REVIEW FRIDAY: The fascinating world of Michael Joll’s Inspector Masters

BOOK REVIEW BY NANCY KAY CLARK, CL editor & publisher

I’M SUCKED right into Michael Joll’s new who-done-it short story collection Persons of Interest: Inspector Masters Investigates [Middle Road Publishers 2019] right away for two reasons.

The first story, “Death by his own Hands” is an fascinating conclusion to another of Joll’s stories, “In Singapore” (found in the short story anthology Our Plan to Save the World) which ended with a break up, the theft of a gun and the possibility that a young aimless piano player would end up being shot. “Death by his own Hands” reveals what really happened. I suspect Joll’s creative muse wouldn’t let him rest until he figured out the fate of that young man, and so Inspector Masters was born.

Masters’ world also drew me in. This collection of connected short stories is set in rough chronological order between 1924 and 1943. The stories follow the cases and career of British middle-class Masters, veteran of the Great War, during his stint as a colonial police officer in Malaya (present day Malaysia and Singapore). British colonial life in this far-flung backwater of the Empire is laid out before us in all its racial and class divides. It’s very messy — from a boss who insists that only natives (i.e., non-whites) commit crimes to upper class Brits looking down their noses at Masters to feckless young men psychologically scarred from the Great War. And, always, there’s a beautiful — but unattainable — woman who catches Masters’ eye.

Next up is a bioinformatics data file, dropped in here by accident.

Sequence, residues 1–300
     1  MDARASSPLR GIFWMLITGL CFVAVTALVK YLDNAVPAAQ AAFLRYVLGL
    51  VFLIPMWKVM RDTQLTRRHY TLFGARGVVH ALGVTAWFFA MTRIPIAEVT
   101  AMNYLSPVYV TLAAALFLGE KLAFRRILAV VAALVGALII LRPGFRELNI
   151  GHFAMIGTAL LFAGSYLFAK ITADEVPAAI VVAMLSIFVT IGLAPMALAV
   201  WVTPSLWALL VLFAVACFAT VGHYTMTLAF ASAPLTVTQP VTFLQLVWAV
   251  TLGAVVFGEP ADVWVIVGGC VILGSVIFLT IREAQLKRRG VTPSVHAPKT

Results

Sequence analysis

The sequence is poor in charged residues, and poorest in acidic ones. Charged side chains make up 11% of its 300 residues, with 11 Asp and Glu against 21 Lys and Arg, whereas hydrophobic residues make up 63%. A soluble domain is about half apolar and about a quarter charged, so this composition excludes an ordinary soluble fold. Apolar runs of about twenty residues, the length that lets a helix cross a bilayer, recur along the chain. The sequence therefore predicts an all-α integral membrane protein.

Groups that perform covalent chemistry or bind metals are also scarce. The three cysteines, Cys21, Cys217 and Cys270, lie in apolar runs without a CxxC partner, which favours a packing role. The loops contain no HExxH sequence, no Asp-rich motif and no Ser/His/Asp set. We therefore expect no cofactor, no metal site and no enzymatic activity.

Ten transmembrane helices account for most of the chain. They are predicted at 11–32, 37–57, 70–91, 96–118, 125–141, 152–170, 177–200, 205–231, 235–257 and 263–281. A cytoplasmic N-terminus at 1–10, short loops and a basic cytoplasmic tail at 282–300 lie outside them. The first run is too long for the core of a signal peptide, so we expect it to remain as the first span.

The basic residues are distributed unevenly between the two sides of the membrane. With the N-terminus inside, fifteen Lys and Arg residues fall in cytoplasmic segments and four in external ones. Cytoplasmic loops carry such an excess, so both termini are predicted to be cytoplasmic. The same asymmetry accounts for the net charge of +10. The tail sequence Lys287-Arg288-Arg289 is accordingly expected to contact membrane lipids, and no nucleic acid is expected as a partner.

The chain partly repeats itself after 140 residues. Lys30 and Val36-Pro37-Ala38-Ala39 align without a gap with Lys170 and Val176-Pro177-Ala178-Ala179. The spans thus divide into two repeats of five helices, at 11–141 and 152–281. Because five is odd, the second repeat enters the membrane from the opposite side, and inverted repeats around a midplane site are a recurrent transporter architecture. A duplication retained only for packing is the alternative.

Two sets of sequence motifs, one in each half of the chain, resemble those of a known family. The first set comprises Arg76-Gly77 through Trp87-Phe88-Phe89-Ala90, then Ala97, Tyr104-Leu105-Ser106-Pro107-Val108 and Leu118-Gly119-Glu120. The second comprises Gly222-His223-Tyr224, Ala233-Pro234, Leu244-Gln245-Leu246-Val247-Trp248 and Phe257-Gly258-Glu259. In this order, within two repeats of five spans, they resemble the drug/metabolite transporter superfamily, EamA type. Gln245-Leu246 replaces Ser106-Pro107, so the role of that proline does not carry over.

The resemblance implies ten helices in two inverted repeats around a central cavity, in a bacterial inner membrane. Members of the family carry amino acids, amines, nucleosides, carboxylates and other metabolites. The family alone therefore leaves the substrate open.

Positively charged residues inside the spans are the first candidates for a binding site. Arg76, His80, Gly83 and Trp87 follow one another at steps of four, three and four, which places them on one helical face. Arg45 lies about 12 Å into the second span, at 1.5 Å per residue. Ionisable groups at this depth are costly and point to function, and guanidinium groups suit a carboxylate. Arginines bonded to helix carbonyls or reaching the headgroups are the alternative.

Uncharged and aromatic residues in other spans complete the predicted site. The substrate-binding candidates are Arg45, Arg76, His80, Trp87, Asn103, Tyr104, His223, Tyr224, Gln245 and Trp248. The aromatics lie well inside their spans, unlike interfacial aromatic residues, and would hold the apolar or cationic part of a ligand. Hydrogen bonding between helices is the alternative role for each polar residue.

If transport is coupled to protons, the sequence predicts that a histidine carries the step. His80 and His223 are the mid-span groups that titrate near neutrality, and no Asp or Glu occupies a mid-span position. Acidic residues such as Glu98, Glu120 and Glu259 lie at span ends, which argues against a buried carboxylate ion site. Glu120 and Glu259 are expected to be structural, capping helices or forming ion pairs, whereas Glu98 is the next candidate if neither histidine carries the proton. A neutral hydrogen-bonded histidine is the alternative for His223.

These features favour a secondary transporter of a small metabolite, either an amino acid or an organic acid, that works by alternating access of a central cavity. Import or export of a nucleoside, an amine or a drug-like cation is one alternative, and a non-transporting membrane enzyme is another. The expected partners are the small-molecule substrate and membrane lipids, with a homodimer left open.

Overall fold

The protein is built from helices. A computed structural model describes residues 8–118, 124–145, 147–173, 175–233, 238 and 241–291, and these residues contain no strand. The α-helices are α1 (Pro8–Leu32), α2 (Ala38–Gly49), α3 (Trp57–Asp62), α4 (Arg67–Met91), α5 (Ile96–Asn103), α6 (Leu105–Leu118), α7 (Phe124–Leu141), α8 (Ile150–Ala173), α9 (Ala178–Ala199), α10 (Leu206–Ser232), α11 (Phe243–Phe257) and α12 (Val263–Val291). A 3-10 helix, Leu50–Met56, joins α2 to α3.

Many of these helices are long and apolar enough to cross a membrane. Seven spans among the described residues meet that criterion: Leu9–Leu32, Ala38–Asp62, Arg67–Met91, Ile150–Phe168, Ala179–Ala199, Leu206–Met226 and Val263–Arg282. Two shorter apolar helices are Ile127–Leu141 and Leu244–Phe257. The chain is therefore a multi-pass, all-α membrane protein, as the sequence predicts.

This murkiness allows for not-so-clear-cut villains and solutions to crime cases that do not always result in an arrest and conviction, but somehow come to a satisfying conclusion. Masters does not always follow the letter of the law, but his basic decency shines through regardless.

Though I enjoyed these stories, I had two wishes when reading them.

Firstly, I wished that Masters wasn’t so stiff-upper-lip (even when falling in love). Hell, we aren’t even told Masters’ first name — a conceit perhaps borrowed from Colin Dexter’s Inspector Morse series? I don’t know what I’m supposed to get out of such a straightforward mostly non-personal narrator. Even when he’s describing his admiration for a good-looking woman, he’s so matter-of-fact that I was kept at a distance and so I felt I never got to know the man’s inner workings.

Secondly, I thought that some of the cases were two quickly and easily solved.

But these are small wishes for a book that was otherwise a great read.

3 comments

  1. Connie Lynn Cook

    Totally agree with your review, well almost. I too was totally drawn into the stories, the intrigue and the style of writing. However, I’m fine with him being a bit stiff and “upper crust.” Also, like that the reader doesn’t learn his first name. Mmn, another story coming.

  2. Michael Joll

    Thank you for your thoughtful review, Nancy.

    I agree, Basil Humphrey Masters, to give him his complete name, which goes some way towards explaining his reluctance ever to use either first name, is a bit straight-laced. So were so many of his generation (notwithstanding the morals clause in his service contract) and I wanted to push sex into the background as far as possible with little explicit or graphic. I kept the narrative in a more mid-twentieth century style to give the stories more linguistic atmosphere than if I had written in today’s snappy, almost breathless prose. This, I think, also adds to Masters’ reluctance to express himself and his feelings for other women as he might have done had he lived in today’s literary world. It doesn’t work for everyone.

    Basil Humphrey. So now the secret is out. And Inspector Morse’s first name is Endeavour.

    Thanks again.

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